Foxes and human beings lived close together in ancient Japan; this companionship gave rise to legends about the creatures. Kitsune have become closely associated with Inari, a Shinto kami or spirit, and serve as his messengers. This role has reinforced the fox's supernatural significance. The more tails a kitsune has—they may have as many as nine—the older, wiser, and more powerful it is. Because of their potential power and influence, some people make offerings to them as to a deity.[/spoiler]
Moon-Rabbit
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The Moon rabbit, also called the Jade Rabbit, is a rabbit that lives on the moon in folklore, based on pareidolia that identifies the markings of the moon as a rabbit. The story exists in many cultures, particularly in East Asian folklore, where it is seen pounding in a mortar and pestle.[1][2] In Chinese folklore, it is often portrayed as a companion of the moon goddess Chang'e, constantly pounding the elixir of life for her; but in Japanese and Korean versions it is just pounding the ingredients for rice cake.[/spoiler]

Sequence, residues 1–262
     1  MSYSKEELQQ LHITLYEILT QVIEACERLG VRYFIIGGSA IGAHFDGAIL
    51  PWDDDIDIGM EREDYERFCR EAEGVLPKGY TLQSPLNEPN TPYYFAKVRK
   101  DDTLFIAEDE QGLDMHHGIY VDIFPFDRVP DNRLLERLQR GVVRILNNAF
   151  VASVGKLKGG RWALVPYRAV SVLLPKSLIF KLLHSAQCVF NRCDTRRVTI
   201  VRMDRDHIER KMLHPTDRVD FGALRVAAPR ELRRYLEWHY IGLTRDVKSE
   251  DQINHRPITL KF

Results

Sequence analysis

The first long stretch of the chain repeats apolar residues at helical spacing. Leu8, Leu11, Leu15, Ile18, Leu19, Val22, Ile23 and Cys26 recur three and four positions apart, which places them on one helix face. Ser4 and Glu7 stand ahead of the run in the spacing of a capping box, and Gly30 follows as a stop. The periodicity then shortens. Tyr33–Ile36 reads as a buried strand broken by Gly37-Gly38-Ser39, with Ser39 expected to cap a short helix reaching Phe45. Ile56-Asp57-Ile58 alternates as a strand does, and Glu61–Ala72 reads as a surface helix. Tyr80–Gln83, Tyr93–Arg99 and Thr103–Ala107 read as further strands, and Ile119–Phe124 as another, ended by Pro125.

Ookami
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Ōkami​ (大神,? literally "great god", or "wolf" if written as 狼[10]) (sory,blm dpt sumber lain krn pada intiny Ookami itu serigala)
Last edited by Keith Hanzhel on Thu Sep 30, 2010 2:57 pm, edited 1 time in total.


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Re: Makhluk Mythology Jepang

Postby myonlylovesakura » Tue Sep 28, 2010 10:33 pm

kalo Sadako masuk gak? :roll:

apa dia masuk kategori makhluk mistis modern yah? :mrgreen:


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I will save her. definitely.

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Re: Makhluk Mythology Jepang

Postby skold » Thu Sep 30, 2010 7:11 am

Keith Hanzhel wrote:PERTAMAX!

wah wa kira bakal jelasin 4 penjaga gerbang (Ramen,Sardi,Vantat, n.... ups, salah)
ternyata para Youkai... klo ini mah g cukup... msh ad laen....



mangstap gan..

kalo bisa dijelasin juga biar tambah ngerti :)

myonlylovesakura wrote:kalo Sadako masuk gak? :roll:

apa dia masuk kategori makhluk mistis modern yah? :mrgreen:


wah gw juga bingung, sadako masuk ga yah :roll:

tapi kalo mau dibahas ya silahkan :)


>>>laporan keuangan akihabara 2009